Recession Watch: Leading economic indicators
Summary: Evidence is mounting that the world is fast approaching the end of this economic cycle and perhaps, an outright recession. Opinions are many, but what are the facts? In this first article of a new series by our #SaxoStrats team,we take a closer look at the most powerful leading indicators that economists use to predict a recession.
The inverted yield curve is certainly the most critical signal to predict recession. Looking at the two-year/5-year spread, the track record in predicting recessions is about 80%. However, most research papers by the Federal Reserve point to the one-year/10-year spread as the most relevant spread to watch. That being said, an inverted yield curve does not mean that a recession is imminent. Based on the previous decades, it takes an average of 22 months for the recession to happen after the inversion of the yield curve.
The notion of Credit Impulse was introduced for the first time by Michael Biggs, in “The Impact of Credit on Growth,” Global Macro Issues, November 19, 2008. Instead of focusing on the stock of credit, Biggs indicates it is more important to focus on the flow of credit to understand the business cycle. He argues that since spending is a flow, that is financed through new loans, it should be compared with net new lending – also a flow – rather than credit outstanding – a stock.
Basically, credit impulse represents the flow of new credit from the private sector as percentage of GDP. It tends to lead the economy by 9 to 12 months and it has a high correlation with US final domestic demand and US private fixed investment. Decelerating credit impulse will lead to slower economic activity and negative credit impulse will produce sharpest slowdowns. Negative credit impulse has a decent track record in prediction recession since it has predicted all the recessions since 1950.
Commercial & Industrial loans and leases are an important category of assets that commercial banks report on their balance sheets. Its measurement is published by the Federal Reserve on a quarterly basis since 1947. It is usually considered as another reliable indicator of an upcoming US recession. Over the past decades, the contraction in C&I loans and leases has predicted the last three recessions.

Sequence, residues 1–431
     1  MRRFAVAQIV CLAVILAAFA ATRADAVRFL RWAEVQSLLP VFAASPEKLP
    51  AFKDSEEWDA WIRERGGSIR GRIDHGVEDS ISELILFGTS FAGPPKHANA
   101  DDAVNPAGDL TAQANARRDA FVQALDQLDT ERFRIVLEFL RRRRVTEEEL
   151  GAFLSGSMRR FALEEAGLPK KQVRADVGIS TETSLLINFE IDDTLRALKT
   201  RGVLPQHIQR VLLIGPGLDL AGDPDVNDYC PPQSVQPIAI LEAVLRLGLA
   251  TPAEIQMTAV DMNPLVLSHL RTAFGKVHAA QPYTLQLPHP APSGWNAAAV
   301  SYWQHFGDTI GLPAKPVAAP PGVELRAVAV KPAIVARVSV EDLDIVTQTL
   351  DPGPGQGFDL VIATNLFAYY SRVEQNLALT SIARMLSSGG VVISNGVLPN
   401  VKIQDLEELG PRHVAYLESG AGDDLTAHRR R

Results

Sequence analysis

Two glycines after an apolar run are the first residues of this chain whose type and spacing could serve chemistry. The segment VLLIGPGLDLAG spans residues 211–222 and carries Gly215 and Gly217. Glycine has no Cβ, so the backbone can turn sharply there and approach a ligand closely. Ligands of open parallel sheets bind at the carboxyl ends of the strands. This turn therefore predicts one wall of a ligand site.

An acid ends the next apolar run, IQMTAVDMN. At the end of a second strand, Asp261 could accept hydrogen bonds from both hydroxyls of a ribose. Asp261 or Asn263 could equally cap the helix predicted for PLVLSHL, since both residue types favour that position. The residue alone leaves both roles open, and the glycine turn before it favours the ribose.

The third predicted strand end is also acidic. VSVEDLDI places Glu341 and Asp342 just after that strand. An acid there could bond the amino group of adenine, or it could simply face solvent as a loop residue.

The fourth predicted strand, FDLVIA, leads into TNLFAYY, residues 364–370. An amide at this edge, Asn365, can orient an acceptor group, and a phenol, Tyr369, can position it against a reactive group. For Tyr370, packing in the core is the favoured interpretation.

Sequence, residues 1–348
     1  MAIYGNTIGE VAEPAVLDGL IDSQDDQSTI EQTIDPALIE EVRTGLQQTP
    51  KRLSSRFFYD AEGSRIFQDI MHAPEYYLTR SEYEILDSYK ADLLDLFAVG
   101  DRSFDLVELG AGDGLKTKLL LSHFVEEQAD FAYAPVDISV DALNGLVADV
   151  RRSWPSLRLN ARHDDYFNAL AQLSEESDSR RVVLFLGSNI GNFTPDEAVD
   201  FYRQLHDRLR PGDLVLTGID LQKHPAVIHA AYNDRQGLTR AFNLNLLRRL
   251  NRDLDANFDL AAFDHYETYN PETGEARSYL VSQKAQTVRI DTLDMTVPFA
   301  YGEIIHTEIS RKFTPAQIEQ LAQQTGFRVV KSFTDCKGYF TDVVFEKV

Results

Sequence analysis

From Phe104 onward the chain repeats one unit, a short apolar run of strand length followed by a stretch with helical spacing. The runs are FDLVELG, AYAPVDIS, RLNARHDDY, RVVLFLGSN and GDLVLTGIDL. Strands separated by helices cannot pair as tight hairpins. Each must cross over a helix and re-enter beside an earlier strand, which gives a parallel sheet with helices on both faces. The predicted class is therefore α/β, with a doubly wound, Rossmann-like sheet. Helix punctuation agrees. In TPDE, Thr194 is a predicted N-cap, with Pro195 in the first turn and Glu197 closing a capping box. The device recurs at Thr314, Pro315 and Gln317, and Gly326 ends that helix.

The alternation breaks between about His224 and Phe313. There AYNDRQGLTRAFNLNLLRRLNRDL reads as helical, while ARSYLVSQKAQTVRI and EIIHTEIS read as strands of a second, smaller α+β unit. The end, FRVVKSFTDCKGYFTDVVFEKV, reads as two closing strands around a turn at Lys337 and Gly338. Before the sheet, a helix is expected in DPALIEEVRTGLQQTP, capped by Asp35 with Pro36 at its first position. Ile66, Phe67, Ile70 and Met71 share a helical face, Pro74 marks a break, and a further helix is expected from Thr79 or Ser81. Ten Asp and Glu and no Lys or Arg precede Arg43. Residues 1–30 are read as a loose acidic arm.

The Conference Board Leading Index has been published since 1959. It is a leading indicator of the economic cycle that gives a broad overview of the state of the US economy. It is designed to point out peaks and troughs in the business cycle. It is composed of the ten data below:
– Average weekly hours, manufacturing
– Average weekly initial claims for unemployment insurance
– Manufacturers’ new orders, consumer goods and materials
– ISM Index of New Orders
– Manufacturers' new orders, non-defense capital goods excluding aircraft orders
– Building permits, new private housing units
– Stock prices, 500 common stocks
– Leading Credit Index
– Interest rate spread, 10-year Treasury bonds less federal funds
– Average consumer expectations for business condition
An annual contraction in the Conference Board Leading Index usually tends to signal recession. It has predicted the 8 past recessions in the USA, but it can also send incorrect signals, like in 1967 and in 1999. The amplitude of the contraction is the key criteria to monitor to assess the likelihood of a recession.
The Conference Board consumer confidence index is published on the last Tuesday of every month. It reflects prevailing business conditions and likely developments for the months ahead. Based on a track record that covers the past 50 years, the index reached its highest level at 144.7 in January 2000 and its lowest level at 25.3 in February 2009.
Even though we agree that history does not always repeat itself, it is interesting to note that, historically, extremely high levels of consumer confidence have been followed by recession and a lost decade, like at the beginning of the 1970s and at the end of the 2000s. Therefore, investors tend to be cautious when high levels are reached since it can be an early signal that an economic downturn is about to start.
Paperboard mills are what we call an unconventional indicator. Product sales by paper and paperboard mills tend to reflect the evolution of sales and, therefore, give a signal about the future evolution of production. This indicator was highly watched before the 2000s but, due to the digitalisation of the economy, it is certainly less reliable than in the past, though there is still an obvious correlation with the economic cycle.